X Symposium, International Plato Society Talk given at a conference 15.07.2013 Pisa, Italy Jorgenson Chad; Karfik Filip;
Colloque Zetesis, 2013 Talk given at a conference 23.05.2013 Universités de Paris IV et X, France Jorgenson Chad;
Platon et Parménide (Séminaire de la Société des Études Platoniciennes) Talk given at a conference 29.03.2013 Besançon, France Jorgenson Chad;
Ecole doctorale romande en philosophie antique et médiévale Talk given at a conference 18.10.2012 Crêt-Bérard, Switzerland Karfik Filip; Jorgenson Chad;
Workshop on Ancient Philosophy Talk given at a conference 06.06.2012 Charles University, Prague, Czech Republic, Czech Republic Jorgenson Chad; Karfik Filip;
The Constitution of the Human Body in Plato's Timaeus Individual talk 23.02.2012 Eötvös University, Budapest, Hungary Jorgenson Chad; Karfik Filip;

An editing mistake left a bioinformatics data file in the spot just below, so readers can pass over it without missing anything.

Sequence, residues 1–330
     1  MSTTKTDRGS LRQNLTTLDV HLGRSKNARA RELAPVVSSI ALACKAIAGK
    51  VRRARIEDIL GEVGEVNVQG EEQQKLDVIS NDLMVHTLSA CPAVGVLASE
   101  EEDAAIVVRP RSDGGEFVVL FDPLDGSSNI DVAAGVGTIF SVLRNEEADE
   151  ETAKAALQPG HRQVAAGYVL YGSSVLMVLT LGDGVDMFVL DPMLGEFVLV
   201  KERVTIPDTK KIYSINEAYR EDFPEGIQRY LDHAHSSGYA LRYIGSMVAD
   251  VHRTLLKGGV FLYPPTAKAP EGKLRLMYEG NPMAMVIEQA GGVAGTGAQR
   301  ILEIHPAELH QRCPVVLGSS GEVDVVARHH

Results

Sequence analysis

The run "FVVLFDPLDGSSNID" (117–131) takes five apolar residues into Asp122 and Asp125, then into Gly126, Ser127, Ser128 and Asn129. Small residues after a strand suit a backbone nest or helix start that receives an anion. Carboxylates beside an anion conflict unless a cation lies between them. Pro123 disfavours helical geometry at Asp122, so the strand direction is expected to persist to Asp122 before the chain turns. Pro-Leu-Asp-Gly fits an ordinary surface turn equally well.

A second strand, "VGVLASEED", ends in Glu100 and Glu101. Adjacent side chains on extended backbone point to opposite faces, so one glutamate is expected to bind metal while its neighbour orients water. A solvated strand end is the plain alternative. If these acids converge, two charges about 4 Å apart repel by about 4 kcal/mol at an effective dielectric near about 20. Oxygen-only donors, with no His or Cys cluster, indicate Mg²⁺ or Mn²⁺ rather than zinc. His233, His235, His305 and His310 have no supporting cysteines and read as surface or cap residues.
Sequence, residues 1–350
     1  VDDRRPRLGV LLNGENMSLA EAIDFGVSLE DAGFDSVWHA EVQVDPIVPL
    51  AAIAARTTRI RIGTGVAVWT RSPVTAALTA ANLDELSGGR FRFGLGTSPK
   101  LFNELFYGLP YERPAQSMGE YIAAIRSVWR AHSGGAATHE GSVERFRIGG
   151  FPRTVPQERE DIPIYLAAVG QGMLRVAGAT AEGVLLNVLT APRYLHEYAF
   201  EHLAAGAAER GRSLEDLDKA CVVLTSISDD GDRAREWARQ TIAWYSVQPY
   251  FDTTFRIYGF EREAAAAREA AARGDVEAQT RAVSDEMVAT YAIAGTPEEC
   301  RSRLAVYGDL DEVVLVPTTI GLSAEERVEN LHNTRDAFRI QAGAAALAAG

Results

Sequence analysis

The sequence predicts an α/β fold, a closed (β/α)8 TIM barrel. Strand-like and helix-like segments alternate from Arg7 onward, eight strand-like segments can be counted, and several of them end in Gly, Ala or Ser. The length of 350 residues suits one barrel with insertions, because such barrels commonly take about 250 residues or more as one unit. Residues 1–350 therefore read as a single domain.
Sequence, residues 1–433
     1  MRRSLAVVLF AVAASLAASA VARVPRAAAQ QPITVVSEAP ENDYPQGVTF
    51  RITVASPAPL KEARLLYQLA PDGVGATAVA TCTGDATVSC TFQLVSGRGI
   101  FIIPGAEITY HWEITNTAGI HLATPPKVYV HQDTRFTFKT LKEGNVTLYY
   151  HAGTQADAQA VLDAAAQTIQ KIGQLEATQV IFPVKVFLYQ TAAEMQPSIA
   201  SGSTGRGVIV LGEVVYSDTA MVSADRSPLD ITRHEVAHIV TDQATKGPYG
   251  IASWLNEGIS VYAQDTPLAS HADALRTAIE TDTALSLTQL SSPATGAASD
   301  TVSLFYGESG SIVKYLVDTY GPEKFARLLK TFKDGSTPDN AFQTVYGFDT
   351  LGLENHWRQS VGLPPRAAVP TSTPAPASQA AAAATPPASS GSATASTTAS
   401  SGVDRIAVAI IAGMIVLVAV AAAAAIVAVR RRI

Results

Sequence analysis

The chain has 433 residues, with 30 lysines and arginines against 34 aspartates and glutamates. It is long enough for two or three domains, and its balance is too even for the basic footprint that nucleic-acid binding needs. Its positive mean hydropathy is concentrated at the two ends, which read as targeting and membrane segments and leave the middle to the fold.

Discussions of the role of the soul in Plato’s ethics tend to be restricted to those dialogues which treat of predominantly ethical or political themes, most notably The Republic. Coupled with the relative neglect of the so-called late-period dialogues, particularly in ethical discussions, this has led to much valuable material being overlooked which promises to provide a more complete picture of Plato’s ethical thought. Of particular importance is the Timaeus, which contains an extended analysis of the metaphysics of body and soul in general along with an exposition of the role played by physiology in structuring the soul. The Timaeus complicates our picture of the relationship between body and soul, for it suggests that a good deal of what constitutes the identity of the individual, beginning with the tripartition of the soul and extending to the determination of the character of the individual and his disposition towards virtue or vice, is not innate in the soul itself but rather arises from the body-soul complex considered as an integrated whole, in which each element must be analysed in its organic connection to the other. As far as ethics and politics are concerned, the subject is not an immortal soul whose possession of a body is merely a matter of external contingency. Instead corporality, the brute fact of possessing a body, is an essential component of the psychological and metaphysical analyses on which Plato’s ethics is based.This project therefore proposes to approach two main problems in Plato’s ethics, the form and content of ethical knowledge and the problem of engagement and withdrawal from the sensible world, through an investigation of the constitution of the ethical subject, considered as a complex entity arising from the conjunction of body and soul. By focusing on the reciprocal determination of body and soul in the human animal, it is expected that progress can be made in resolving tensions within Plato’s ethical doctrine as well as clarifying the epistemological status of his ethical claims, whether they take the form of myths or discourses. The project will be undertaken in cooperation with Profs. Alexandrine Schniewind at Lausanne and Luc Brisson at the CNRS in Paris, who have agreed to take on an advisory role. In the case of Prof. Brisson, this collaboration will be undertaken in part in the framework of the séminaire platonicien held several times annually in Paris and other universities in France. The end result of the project is to be a PhD study aiming to fill a lacuna in the literature, particularly the English-language literature, by incorporating the best research from Europe and North America on Plato’s theory of the soul and ethics into a comprehensive account of the constitution of the ethical subject. This project will, we believe, challenge some of the commonly held assumptions about Plato’s understanding of the relationship between body and soul and the significance of this relationship for his ethical theories, while taking seriously the metaphysical and mythical dimensions of his thought.